Avoid mineral oils because they are made with petroleum.

3. Vegetable oil + essential oil + alcohol

In this case, use 60 milliliters of vegetable oil (almond or safflower) with 2 or 3 teaspoons of alcohol and a generous shave of essential oil, again respecting the 30/70% proportion.

Whatever mixture you choose, put your perfume into a pretty glass or ceramic recipient. Add diffusers or another dry vegetable tip that will help to raise the liquid upwards. Soak the tip for two or three hours and then turn it over. Every few days, you can add more essential oil to compensate after evaporation.

Which essential oil to choose?

Here are some suggestions:

  • Lemon, lemongrass, thyme (cleansing action).
  • Lavender, mint, cedar, jasmine, orange to give a positive atmosphere, and fight depression.
  • Eucalyptus and lavender to lower blood pressure.




Fear of Poison

Fear of Poison or Toxicophobia may be defined as an overwhelming and debilitating fear (phobia) of being poisoned by contact or ingestion of ‘imaginary’ poisons or toxic products, in food for example (Garnier-Del. 1972). <fn>The genetic basis of panic and phobic anxiety disorders.Smoller JW1, Gardner-Schuster E, Covino J. Am J Med Genet C Semin Med Genet. 2008 May 15;148C(2):118-26. doi: 10.1002/ajmg.c.30174.</fn>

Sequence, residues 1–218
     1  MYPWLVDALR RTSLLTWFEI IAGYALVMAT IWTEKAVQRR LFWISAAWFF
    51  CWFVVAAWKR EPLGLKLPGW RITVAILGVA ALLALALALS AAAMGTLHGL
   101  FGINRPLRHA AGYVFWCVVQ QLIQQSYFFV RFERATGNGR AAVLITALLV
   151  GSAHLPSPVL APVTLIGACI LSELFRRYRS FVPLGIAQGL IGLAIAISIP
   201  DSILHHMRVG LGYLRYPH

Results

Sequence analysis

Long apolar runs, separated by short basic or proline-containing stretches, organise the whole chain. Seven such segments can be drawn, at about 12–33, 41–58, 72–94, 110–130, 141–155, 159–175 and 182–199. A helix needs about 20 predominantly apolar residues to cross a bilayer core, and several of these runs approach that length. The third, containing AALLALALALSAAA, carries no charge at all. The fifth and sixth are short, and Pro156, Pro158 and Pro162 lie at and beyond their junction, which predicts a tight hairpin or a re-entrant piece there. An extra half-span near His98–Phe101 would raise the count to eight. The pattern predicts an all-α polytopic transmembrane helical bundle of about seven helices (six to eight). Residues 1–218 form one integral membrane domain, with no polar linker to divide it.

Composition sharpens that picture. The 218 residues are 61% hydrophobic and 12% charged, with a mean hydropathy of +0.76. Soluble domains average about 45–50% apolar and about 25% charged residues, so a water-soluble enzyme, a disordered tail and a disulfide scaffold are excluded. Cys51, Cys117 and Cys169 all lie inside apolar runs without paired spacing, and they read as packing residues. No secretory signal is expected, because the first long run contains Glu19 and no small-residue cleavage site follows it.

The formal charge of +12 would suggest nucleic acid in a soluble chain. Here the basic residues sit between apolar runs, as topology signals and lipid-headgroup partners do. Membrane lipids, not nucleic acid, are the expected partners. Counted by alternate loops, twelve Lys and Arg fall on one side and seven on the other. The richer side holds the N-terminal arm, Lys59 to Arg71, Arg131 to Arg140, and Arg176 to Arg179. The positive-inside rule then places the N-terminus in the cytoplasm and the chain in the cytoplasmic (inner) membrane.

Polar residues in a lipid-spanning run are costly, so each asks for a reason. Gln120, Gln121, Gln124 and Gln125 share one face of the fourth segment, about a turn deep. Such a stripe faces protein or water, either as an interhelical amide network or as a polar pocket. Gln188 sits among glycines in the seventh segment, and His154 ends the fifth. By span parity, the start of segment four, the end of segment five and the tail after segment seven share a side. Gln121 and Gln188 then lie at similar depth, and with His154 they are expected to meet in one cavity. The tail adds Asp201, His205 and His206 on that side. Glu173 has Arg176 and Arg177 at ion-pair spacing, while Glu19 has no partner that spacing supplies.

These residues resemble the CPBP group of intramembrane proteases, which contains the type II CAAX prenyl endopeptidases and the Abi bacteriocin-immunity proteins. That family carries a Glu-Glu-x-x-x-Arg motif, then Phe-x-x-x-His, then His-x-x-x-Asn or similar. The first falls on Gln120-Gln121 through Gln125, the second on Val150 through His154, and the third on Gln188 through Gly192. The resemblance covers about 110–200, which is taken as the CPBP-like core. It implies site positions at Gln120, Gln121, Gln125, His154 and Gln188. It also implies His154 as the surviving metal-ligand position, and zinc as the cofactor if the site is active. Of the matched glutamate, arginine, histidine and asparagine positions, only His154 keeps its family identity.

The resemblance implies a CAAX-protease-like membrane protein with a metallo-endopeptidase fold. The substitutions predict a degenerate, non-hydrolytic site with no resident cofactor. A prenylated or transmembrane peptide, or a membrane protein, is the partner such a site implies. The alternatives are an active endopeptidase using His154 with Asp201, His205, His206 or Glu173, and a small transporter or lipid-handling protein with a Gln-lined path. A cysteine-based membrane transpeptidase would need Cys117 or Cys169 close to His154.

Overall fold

Causes

The origin of this specific phobia is not known, but like other types of phobia, a combination of environmental factors (trauma related to the object of the phobia) and hereditary factors should explain the occurrence of the phenomenon. Genetic epidemiologic studies have documented that these disorders are familial and moderately heritable<fn></fn>. Many specific phobias are primarily initiated by a stressful triggering event, such as a traumatic event in childhood, or the association of a personal tragedy with the object of the phobia.

fear of poison

Symptoms of Toxicophobia

The symptoms of toxicophobia are similar to the symptoms generally present for any phobia:

  • Anxiety, even anguish at the sight of the phobic object
  • Tachycardia caused by panic and fear
  • Rapid heartbeat
  • Shortness of breath
  • Trembling
  • A strong desire to get away <fn>https://www.mentalhealth.gov/what-to-look-for/anxiety-disorders/phobias</fn>

The specificity of this disorder is that it often concerns food, which is a daily need. Some foods or types of food are avoided (hence the possibility of some deficiencies, to be monitored), excessive cleanliness of the environment is often necessary for the patient (but not systematic), resulting in movements strongly influenced by phobia.